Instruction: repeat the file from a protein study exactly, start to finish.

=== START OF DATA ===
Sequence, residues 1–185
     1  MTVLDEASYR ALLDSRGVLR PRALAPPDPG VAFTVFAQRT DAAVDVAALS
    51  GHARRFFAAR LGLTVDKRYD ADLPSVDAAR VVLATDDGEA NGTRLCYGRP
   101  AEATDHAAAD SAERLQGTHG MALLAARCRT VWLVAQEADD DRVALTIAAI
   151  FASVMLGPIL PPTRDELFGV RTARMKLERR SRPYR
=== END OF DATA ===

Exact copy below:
Sequence, residues 1–185
     1  MTVLDEASYR ALLDSRGVLR PRALAPPDPG VAFTVFAQRT DAAVDVAALS
    51  GHARRFFAAR LGLTVDKRYD ADLPSVDAAR VVLATDDGEA NGTRLCYGRP
   101  AEATDHAAAD SAERLQGTHG MALLAARCRT VWLVAQEADD DRVALTIAAI
   151  FASVMLGPIL PPTRDELFGV RTARMKLERR SRPYR